14 August 2010

The Amazing Monasteries of Bhutan

The Kingdom of Bhutan is sometimes overlooked, locked between Tibet and India, but the Land of the Dragon as the Bhutanese call it is home to some of the most exquisite Buddhist monasteries in the world.  Here, we take a fleeting visit to some of the over forty monasteries in Bhutan – quite a number considering the population of the entire country is only around 700,000.

Taktsang Dzong
Image credit Flickr User taxidesign
The Taktsang Monastery (also known as a Dzong) is high up in the Paro valley area of the country and work started on this amazing structure in 1692, the same year as the first Salem Witch Trial.  It is said that the famous guru Padmasambhava pursued his meditations here for three months.  It is quite possibly the most famous cultural symbol of Bhutan.  Local legend has it that the guru flew here from Tibet on the back of a tigress which gives the place its other name – the Tiger’s Nest.  The cliff upon which it hangs is 3,000 feet above the valley below.  One of the access routes is known as the Hundred Thousand Fairies – and you can see why from the picture below.  Simply put, the place is magical.

Punakha Dzong

The old capital of the country (till 1955) is Punakha and it is home to perhaps the most imposing Dzong in the country.  When built they also served as protective fortresses so they are usually set in the most commanding position geographically – such as at Taksang or here at the confluence of the rivers.  It was finished in 1638 – and as such is the second oldest in the country.  Each year there is a festival at the Dzong called Demoche and it recalls the 1639 invasion of the country by the Tibetans who were successfully repulsed.

The monastery is positioned at the confluence of two rivers, which have the most marvellous names.  The first is Pho Chhu and the second is Mo Chhu.  They translate simply as father and mother.

Tango Monastery
Travel less than ten miles north of the capital of Thimphu and you will discover the Tango Monastery.  Founded in the thirteenth century the building itself dates from 1688 (as you may have surmised the late seventeenth century was a period of much monastery building in Bhutan).   Like many Bhutanese monasteries, Tango was built over a cave where meditation and miracles were said to take place.  The monastery has no less than twelve corners and, it is said, was built in only two months – including the six temples within.

Tongsa – The Door to Heaven
The center of Bhutan and the west of the country are separated by the Black Mountains.  Until a few decades ago there were only foot trails in to this part of the country and you would have to forget about motorised transportation and take a mule instead.  The view from the Tongsa monastery is so beautiful it is little wonder it is referred to as the door to heaven.

Tongsa monastery is the largest in the country and it was built in 1648.  It was constructed at this point because it is at the perfect strategic position to survey the landscape for many kilometers around.  It was also built so that any visitors to the region by dint of sheer geography would have to visit the monastery – and so it controlled the traffic from the east to the west of the country.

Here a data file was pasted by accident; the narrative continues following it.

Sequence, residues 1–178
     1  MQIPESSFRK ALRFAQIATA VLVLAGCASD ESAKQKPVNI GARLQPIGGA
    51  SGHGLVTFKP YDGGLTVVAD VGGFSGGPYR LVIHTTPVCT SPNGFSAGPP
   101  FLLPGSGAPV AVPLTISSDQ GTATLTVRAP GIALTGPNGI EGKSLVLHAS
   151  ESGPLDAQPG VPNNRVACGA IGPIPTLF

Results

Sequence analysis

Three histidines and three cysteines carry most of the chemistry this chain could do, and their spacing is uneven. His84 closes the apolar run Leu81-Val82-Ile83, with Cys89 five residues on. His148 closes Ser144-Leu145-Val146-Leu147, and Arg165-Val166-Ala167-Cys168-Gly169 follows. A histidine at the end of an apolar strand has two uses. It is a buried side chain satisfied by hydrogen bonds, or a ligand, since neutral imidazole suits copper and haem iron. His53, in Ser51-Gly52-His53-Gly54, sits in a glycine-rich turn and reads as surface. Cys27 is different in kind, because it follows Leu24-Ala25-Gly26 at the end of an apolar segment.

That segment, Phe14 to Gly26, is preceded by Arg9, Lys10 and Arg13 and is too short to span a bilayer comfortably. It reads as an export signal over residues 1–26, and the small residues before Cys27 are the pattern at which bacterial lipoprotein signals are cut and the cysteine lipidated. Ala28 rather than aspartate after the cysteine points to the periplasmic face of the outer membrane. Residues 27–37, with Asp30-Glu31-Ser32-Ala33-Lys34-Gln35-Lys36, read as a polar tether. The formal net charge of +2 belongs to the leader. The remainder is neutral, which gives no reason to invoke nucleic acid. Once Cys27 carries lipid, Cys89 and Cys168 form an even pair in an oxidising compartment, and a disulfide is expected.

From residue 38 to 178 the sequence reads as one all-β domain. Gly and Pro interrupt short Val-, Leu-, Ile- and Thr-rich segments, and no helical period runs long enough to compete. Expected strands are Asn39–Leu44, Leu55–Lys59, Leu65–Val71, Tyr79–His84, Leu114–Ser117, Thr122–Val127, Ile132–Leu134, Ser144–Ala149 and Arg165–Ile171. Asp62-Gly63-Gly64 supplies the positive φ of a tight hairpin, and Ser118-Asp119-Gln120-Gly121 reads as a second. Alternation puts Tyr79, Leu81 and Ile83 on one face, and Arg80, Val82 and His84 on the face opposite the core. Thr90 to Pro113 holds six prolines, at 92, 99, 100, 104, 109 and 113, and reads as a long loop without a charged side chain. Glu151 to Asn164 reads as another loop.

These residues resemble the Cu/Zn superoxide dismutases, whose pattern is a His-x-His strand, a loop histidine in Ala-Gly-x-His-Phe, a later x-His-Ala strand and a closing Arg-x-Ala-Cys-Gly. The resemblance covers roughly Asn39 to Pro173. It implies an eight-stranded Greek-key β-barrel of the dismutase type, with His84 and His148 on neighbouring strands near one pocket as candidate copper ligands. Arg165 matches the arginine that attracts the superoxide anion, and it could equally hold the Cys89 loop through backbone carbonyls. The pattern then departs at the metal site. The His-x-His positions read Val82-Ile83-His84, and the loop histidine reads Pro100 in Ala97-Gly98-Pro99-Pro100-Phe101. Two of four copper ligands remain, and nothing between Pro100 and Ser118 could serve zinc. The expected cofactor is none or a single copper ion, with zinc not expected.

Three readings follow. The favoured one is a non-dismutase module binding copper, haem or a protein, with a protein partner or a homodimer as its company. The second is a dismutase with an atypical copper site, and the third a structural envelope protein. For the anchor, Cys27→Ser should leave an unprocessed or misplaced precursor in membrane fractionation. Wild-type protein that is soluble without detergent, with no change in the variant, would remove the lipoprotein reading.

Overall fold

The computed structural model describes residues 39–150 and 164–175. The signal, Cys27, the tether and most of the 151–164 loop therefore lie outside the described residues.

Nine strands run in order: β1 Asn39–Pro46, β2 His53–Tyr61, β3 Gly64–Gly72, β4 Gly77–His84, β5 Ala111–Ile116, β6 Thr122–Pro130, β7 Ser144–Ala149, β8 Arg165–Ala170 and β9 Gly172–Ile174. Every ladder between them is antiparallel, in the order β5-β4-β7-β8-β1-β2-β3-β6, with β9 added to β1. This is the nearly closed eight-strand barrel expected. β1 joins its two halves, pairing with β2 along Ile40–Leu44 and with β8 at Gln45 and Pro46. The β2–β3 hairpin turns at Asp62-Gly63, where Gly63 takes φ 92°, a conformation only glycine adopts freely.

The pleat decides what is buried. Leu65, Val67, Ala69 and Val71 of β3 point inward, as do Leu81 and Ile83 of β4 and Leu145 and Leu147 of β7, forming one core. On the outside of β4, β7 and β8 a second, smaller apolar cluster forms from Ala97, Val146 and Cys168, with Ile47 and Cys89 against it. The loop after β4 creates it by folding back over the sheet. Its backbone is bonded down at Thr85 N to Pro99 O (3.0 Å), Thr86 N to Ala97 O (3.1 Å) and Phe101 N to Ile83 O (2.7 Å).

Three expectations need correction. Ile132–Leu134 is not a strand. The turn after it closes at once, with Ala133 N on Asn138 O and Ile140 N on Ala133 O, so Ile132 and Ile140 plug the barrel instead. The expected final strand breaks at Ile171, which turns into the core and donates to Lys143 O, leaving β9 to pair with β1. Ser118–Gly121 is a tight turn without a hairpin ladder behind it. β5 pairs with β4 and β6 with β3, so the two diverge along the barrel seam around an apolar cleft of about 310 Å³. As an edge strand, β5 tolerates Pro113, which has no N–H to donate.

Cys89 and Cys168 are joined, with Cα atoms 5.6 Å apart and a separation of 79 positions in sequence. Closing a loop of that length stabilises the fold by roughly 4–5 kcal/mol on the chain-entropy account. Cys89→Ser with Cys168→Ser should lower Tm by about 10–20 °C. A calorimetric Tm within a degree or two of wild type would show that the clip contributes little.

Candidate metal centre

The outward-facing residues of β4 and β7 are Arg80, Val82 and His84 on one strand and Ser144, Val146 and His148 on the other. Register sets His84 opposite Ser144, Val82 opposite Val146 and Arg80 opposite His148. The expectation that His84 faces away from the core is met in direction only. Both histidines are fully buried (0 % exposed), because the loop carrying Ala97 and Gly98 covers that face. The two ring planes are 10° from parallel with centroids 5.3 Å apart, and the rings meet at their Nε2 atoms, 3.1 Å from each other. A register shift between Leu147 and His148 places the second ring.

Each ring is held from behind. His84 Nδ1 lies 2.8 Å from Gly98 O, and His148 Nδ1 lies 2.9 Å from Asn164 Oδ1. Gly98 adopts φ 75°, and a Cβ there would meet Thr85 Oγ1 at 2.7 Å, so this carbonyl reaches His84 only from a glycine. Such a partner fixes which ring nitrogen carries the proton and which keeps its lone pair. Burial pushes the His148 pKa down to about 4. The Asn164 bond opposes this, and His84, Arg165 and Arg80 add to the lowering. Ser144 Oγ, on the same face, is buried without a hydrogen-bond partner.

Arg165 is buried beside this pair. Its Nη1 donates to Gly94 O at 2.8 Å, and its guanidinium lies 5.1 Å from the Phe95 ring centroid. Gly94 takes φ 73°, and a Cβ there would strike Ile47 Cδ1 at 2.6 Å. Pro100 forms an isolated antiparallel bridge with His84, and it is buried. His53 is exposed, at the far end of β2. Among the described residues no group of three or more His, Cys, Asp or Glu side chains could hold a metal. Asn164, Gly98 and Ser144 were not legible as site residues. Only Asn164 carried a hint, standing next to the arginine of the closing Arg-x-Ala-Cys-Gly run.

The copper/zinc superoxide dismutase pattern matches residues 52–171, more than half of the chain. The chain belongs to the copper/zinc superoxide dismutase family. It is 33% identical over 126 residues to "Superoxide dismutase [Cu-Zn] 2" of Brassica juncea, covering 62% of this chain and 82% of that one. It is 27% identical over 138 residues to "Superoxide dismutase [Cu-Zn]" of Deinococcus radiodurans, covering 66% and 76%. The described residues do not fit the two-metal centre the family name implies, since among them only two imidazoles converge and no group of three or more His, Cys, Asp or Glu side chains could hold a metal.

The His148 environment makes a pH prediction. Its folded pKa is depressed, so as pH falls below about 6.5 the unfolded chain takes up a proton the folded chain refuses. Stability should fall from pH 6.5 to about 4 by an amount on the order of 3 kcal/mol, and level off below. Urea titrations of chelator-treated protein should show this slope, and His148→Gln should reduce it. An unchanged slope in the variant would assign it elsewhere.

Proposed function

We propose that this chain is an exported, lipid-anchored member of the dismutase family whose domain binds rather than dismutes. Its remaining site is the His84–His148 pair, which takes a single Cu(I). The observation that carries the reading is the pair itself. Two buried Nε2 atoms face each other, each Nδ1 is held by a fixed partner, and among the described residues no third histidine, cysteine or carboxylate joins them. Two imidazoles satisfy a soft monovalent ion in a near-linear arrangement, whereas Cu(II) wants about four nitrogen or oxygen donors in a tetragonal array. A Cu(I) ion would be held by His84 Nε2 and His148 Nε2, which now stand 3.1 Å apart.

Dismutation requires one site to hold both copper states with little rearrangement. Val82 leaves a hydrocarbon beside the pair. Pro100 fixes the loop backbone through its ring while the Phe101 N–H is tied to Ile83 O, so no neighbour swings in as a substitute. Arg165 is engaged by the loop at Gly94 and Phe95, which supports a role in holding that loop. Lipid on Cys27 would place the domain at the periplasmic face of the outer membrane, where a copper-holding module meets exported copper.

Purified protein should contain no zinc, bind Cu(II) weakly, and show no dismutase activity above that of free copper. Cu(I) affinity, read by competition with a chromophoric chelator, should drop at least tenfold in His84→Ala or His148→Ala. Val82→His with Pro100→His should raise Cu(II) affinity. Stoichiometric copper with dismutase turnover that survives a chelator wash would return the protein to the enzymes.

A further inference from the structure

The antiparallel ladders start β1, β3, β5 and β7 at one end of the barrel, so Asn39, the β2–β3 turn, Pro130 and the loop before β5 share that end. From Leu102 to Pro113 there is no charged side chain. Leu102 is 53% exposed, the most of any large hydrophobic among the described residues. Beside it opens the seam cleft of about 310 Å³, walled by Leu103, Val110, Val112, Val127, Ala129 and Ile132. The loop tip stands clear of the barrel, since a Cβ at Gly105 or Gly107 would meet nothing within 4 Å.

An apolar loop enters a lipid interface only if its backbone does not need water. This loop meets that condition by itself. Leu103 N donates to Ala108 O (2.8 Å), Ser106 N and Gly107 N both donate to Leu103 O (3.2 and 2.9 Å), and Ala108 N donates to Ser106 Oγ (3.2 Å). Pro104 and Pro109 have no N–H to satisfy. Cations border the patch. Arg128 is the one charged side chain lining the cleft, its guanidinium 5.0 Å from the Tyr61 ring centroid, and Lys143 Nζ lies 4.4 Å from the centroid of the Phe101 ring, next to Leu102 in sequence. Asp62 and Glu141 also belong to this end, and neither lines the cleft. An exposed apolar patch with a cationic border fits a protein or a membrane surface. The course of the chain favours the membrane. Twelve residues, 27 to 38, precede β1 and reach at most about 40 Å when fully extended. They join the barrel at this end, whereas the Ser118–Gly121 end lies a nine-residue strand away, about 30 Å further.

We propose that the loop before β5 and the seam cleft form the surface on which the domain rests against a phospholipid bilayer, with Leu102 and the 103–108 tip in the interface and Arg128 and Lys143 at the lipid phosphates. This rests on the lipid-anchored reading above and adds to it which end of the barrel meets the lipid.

Cheri Monastery
Cheri Monastery, also known as Chagri was created in 1620 by the founder of the Butanes state, Zhabdrung Ngawang Namgyal.  It is close to the capital city, but once you travel those ten miles you will have to spend the next hour walking up the hill to reach the monastery.   Namgyal was only twenty seven when he founded the monastery and he retreated there for three years after its construction as well as many other times in his life.

Rinpung Dzong, Paro
Paro is home to the only international airport in Bhutan so the chances are that the Rinpung Dzong might be the first you lay your eyes on if you were to visit the country.  It was built in 1647 and was intended to serve as a defense against the Tibetans (who seemed to have something of a habit of invading this country).  The name Rinpung means a on a heap of jewels and you can perhaps see why it was given this name.

The monastery has had a troubled history – t survived an earthquake in the 1800s only to be severely damaged by fire in 1907 – which is why perhaps it looks fairly new.  You may recognise the site from the movie Little Buddha much of which was filmed in the dzong.  There are an amazing fourteen shrines and chapels in this five storey structure.

Each year an enormous banner which shows the eight manifestations of the Guru Rinpoche is shown to the pilgrims.  The festival (which is known as a tsechu) lasts for fifteen days and on the dawn of the last day the Tongdrol banner is unfolded.  A few hours later it is removed until the next year.

Lhuentse Dzong
This Dzong was the home of the royal family of Bhutan for many generations but has been a monastery since 1654.  There are five temples inside the Dzong, all but two of them in the tower at its center.   It was built here originally because the ridge upon which is stands is said to resemble the trunk of an elephant.

Over 100 monks reside here – and they have a sense of humor too.